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NEW YORK — The luxury market might have its LV, GG and CC. But in the junior world, it’s all about butterflies, black rhinos and cats.
This story first appeared in the October 3, 2002 issue of WWD. Subscribe Today.
Though many in the world of high fashion claim logomania died a fashion death a few seasons back, the presence of logos on T-shirts worn by teen girls makes one think they’re living their after-life in the junior market.
While luxury brands such as Chanel, Gucci and Louis Vuitton are instantly recognized by the masses, junior brands still have their work cut out for them before reaching the seamless association between a company and its logo.
But that’s not to say there aren’t a few brands that are well on their way. Having established strong brand recognition with teen girls, labels including Roxy, Hot Kiss, Chica and Baby Phat have each stirred desire and a special style that are inspired by the company symbol.
According to junior apparel executives, it’s the logo that makes the initial connection with a girl. After that, it’s the equally important fit and style of a garment that are approved before a purchase can take place.
Kimora Lee Simmons, who started Baby Phat in 2000, used her household cat Max as inspiration for the line’s logo. The result is a sleek linear icon with a surprising amount of sex appeal. Executives at the company said girls have responded so well to the logo that some have tattooed it on their bodies.
“I’ve seen girls where the cat is tattooed over their entire back,” said Baby Phat marketing director Michelle Perez. “Baby Phat is a sexy line with a predominantly ethnic consumer of 12 to 36. The common thread between the consumer is that it’s sexy, which is the main concept of the line. The cat symbolizes that perfectly.”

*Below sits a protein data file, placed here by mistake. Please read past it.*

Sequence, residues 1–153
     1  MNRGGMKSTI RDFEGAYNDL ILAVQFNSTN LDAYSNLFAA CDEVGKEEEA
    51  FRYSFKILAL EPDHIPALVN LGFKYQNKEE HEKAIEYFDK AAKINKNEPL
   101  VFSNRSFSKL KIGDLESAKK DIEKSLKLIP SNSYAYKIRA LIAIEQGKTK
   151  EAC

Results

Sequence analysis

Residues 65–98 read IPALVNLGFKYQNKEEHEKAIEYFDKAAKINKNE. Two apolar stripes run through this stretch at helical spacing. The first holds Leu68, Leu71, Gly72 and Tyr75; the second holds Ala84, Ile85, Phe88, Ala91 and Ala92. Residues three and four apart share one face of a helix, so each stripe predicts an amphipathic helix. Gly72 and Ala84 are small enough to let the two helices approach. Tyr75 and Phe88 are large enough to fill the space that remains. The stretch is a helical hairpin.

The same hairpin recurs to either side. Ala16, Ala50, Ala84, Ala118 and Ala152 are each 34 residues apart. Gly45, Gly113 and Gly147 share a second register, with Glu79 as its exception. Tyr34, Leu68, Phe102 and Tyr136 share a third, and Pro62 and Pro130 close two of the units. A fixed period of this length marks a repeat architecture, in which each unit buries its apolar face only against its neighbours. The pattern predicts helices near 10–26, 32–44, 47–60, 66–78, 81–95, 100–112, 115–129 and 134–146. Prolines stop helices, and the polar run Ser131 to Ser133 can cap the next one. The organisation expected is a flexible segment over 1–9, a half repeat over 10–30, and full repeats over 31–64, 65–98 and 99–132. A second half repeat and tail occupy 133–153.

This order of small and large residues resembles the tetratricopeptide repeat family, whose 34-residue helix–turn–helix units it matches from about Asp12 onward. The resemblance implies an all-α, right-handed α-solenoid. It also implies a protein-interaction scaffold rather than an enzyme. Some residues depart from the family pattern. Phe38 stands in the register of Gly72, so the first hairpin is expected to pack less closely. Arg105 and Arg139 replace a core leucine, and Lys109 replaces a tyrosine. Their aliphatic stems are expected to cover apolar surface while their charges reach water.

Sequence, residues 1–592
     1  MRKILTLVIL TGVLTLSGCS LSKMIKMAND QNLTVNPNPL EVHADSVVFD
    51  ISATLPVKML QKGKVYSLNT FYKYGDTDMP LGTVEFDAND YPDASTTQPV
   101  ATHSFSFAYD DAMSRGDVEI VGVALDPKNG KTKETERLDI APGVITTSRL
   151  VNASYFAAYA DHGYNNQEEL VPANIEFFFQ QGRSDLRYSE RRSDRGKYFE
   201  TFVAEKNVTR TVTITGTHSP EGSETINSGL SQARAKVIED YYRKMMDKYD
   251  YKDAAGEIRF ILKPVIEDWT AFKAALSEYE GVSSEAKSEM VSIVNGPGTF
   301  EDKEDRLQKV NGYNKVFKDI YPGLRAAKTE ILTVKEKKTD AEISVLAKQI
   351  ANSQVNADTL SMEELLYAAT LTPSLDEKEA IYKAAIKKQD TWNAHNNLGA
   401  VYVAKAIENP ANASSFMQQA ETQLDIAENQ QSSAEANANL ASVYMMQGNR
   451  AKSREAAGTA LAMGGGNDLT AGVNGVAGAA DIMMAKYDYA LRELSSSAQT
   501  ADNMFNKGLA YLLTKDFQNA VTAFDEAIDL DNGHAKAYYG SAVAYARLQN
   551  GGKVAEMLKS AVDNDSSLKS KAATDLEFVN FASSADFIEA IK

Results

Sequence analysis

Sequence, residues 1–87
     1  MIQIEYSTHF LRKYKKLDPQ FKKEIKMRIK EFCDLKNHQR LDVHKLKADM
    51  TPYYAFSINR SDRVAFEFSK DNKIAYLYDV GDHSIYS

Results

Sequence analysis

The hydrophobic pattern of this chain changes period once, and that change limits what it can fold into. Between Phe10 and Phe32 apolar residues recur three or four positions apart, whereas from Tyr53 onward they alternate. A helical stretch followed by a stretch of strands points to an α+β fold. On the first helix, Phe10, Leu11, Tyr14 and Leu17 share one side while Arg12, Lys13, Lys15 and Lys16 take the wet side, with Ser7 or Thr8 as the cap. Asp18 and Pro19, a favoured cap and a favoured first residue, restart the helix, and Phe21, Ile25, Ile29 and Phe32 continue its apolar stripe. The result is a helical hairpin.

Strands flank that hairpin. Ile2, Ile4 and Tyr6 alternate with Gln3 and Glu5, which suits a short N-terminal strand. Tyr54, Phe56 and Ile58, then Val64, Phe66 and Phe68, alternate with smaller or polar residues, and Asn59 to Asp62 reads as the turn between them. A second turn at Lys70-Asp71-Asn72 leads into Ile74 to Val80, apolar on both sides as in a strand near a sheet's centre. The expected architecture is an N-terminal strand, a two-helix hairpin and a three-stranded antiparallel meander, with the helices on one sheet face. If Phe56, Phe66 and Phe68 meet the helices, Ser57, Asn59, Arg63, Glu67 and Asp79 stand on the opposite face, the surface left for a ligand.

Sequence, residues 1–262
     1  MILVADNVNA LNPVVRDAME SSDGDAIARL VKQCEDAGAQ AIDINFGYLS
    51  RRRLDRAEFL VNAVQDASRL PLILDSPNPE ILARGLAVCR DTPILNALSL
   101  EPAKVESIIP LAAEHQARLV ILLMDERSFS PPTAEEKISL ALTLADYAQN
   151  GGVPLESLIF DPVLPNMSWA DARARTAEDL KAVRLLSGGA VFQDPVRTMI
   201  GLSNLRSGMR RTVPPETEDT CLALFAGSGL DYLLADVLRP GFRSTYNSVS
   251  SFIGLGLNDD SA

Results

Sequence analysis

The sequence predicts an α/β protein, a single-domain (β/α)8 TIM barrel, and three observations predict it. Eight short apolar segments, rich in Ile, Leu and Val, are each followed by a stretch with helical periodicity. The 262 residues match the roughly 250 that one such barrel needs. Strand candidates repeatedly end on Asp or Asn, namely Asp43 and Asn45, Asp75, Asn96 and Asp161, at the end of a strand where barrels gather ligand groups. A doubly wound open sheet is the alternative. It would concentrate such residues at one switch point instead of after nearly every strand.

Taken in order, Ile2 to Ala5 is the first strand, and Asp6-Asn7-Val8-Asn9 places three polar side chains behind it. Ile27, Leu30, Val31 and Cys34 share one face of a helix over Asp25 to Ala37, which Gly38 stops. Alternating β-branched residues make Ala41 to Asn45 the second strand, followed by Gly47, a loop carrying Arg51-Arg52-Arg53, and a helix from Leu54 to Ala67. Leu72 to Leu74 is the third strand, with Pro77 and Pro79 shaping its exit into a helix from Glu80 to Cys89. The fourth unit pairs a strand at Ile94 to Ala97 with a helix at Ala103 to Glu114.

Marc Ecko, founder of Ecko Unlimited, also chose an animal as his logo. When he formed the company in 1993, Ecko chose a black rhinoceros as the company’s symbol.
Besides the obvious characteristics — strength, masculinity, power — the black rhinoceros is only capable of walking forward. That in itself is a good metaphor for the firm, a spokesman said.
The butterfly has repeatedly made its way into pop culture, as seen when Mariah Carey named her 1997 album after the insect. But it’s also the logo of the women’s division at Plugg, the junior counterpart to the young men’s division of the same name. When parent company Andrew International decided to launch a junior denim label last year, creative director Angela Da Fonseca said she knew it was important for the junior line to carry a separate identity.
“The butterfly is a strong icon, strong seller and cute,” said Da Fonseca. “I wanted something that mixed vintage quality and modern technology, so I made it modern with two simple dots over the antenna.”
Since Plugg is the name of both a young men’s and a junior line, Da Fonseca said Plugg is never printed without the butterfly logo attached in the junior market.
If there are two equal products next to one another, Da Fonseca said the junior girl will choose one that she identifies with in terms of image. Plugg plans to launch a line of basic T-shirts for back-to-school 2003, many of which will feature the Plugg butterfly in some way.